We have spoken with Bruno Jacobfeuerborn, CTO of Deutsche Telekom AG and Director of Technology in Germany, about the possibilities provided by the new ultra-bandwidth access technology XG-FAST.
Telekom and Nokia have demonstrated in a laboratory experiment that the new ultra-bandwidth access technology XG-FAST can be used to achieve data throughput speeds of over 10 gigabits per second (Gbit/s) with copper cable. This means that it would take less than ten seconds to download a two-hour HD movie, while a thousand photos could be uploaded in less than two seconds. These tests were carried out in Telekom’s cable test facility in Darmstadt.
Conversation is abuzz with terms such as vectoring, super vectoring, G.fast and XG-FAST. Can you explain the differences between them?
Bruno Jacobfeuerborn: For vectoring and super vectoring, the multifunctional cabinets – the big gray boxes at the side of the road – have to be equipped with fiber connections. Vectoring and super vectoring are technologies that ensure that the data transmission speed does not decrease during the last mile, which is copper.
For G.fast or XG-FAST, the fiber optic cable has to go even further – beyond the multifunctional cabinet and right to the customer. In this case, a fiber optic cable needs to be laid up to or even actually into the customer’s building. We refer to this as FTTB - Fiber to the Building.
How does XG-FAST work?
Jacobfeuerborn: XG-FAST, and also G.fast, use the last section of the available copper network to achieve speeds similar to those reached when transmitting data using fiber. During the XG-FAST test run in our cable test facility in Darmstadt, a peak download speed of more than 11 Gbit/s was achieved using two 50-meter-long, bundled pairs of a high-quality cable.
On top of this, XG-FAST also supports 1 Gbit/s symmetrical services spanning distances of up to 70 m using just one wire pair of a standard-quality cable. Inside buildings, therefore, operators could provide near-fiber speeds simply using existing telephone lines, without having to lay any new cables. This would mean shorter installation times and less expense for the end customer.
With 50 or 70 meters we don’t get far with broadband build-out outside buildings. So is XG-FAST an in-house technology?
Jacobfeuerborn: From our current viewpoint, yes. Nevertheless, we should not underestimate the possibilities. A particularly large amount of time and money is required to cover the last mile, referred to in technical jargon as network levels 3 and 4 – in other words, transmitting data from the multifunctional cabinet into the customer’s home and distributing it inside the building.
Is that the end of FTTH - Fiber To The Home - for Deutsche Telekom then?
Jacobfeuerborn: No, it's not. Deutsche Telekom aims to provide as many people as possible with as fast an Internet connection as possible, as quickly as possible. For this purpose, we are using the entire range of technical options in both fixed network and mobile telephony – which may supplement one another in some use cases and under certain conditions. Moreover, we are driving technological evolution. Regardless of whether mobile telephony or the fixed network is involved, we always strive to get the most out of resources. FTTH is an option that we are already actively using, for instance, for new property developments. However, those who commit themselves to a particular technology early on and are hell-bent on sticking to it are making a strategic error. They underestimate the dynamism of technological evolution and often also lose sight of aspects such as economic viability or the supply/demand ratio.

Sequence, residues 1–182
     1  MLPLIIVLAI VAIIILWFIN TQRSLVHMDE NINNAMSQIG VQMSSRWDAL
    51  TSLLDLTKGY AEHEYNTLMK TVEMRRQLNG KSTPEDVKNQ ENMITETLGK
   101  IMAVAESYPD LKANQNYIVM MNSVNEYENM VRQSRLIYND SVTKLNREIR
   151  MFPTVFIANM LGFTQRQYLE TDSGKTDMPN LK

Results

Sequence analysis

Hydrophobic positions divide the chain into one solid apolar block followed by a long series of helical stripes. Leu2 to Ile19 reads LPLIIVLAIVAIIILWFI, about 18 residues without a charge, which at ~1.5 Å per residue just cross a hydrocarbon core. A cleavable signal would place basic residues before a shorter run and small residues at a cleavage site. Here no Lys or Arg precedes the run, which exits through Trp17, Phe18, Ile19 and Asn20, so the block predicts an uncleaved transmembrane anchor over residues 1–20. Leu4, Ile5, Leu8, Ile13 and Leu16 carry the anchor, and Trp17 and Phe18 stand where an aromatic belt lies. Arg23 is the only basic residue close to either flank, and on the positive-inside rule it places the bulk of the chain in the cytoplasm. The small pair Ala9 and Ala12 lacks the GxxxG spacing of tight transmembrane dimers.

When do we want to implement XG-FAST?
Jacobfeuerborn: This question cannot be answered at this point in time. It is simply too soon. The technology is in an early phase of development. However, XG-FAST shows that new possibilities keep emerging for those who look for them. XG-FAST will provide us with another technology option which we can use to offer high transmission speeds while at the same time bringing our fiber infrastructure closer to our customers. But we have to proceed one step at a time. Thanks to vectoring, we will be able to supply around 80 percent of German households with over 50 MBit/s by 2018. Then, with super vectoring, the rate will increase to over 250 MBit/s. In parallel, we are building out our FTTH infrastructure, for example, in newly developed areas. We thus have a large toolbox which allows us to use different technologies in a targeted manner, as required. The framework conditions here include, of course, regulatory measures as well as future technological developments. Just think, for instance, of 5G, the new communications standard that we are currently helping to shape.
Does copper reach its limits with XG-FAST?
Jacobfeuerborn: No, XG-FAST shows that technology keeps evolving. I personally find the current fiber debate much too dogmatic and theoretical. It’s not about choosing between fiber and copper. XG-FAST provides a way of integrating the existing copper network into a fiber infrastructure. Our aim is to provide our customers with maximum bandwidths as quickly and efficiently as possible - no matter whether this is done using fiber or a combination of fiber and copper.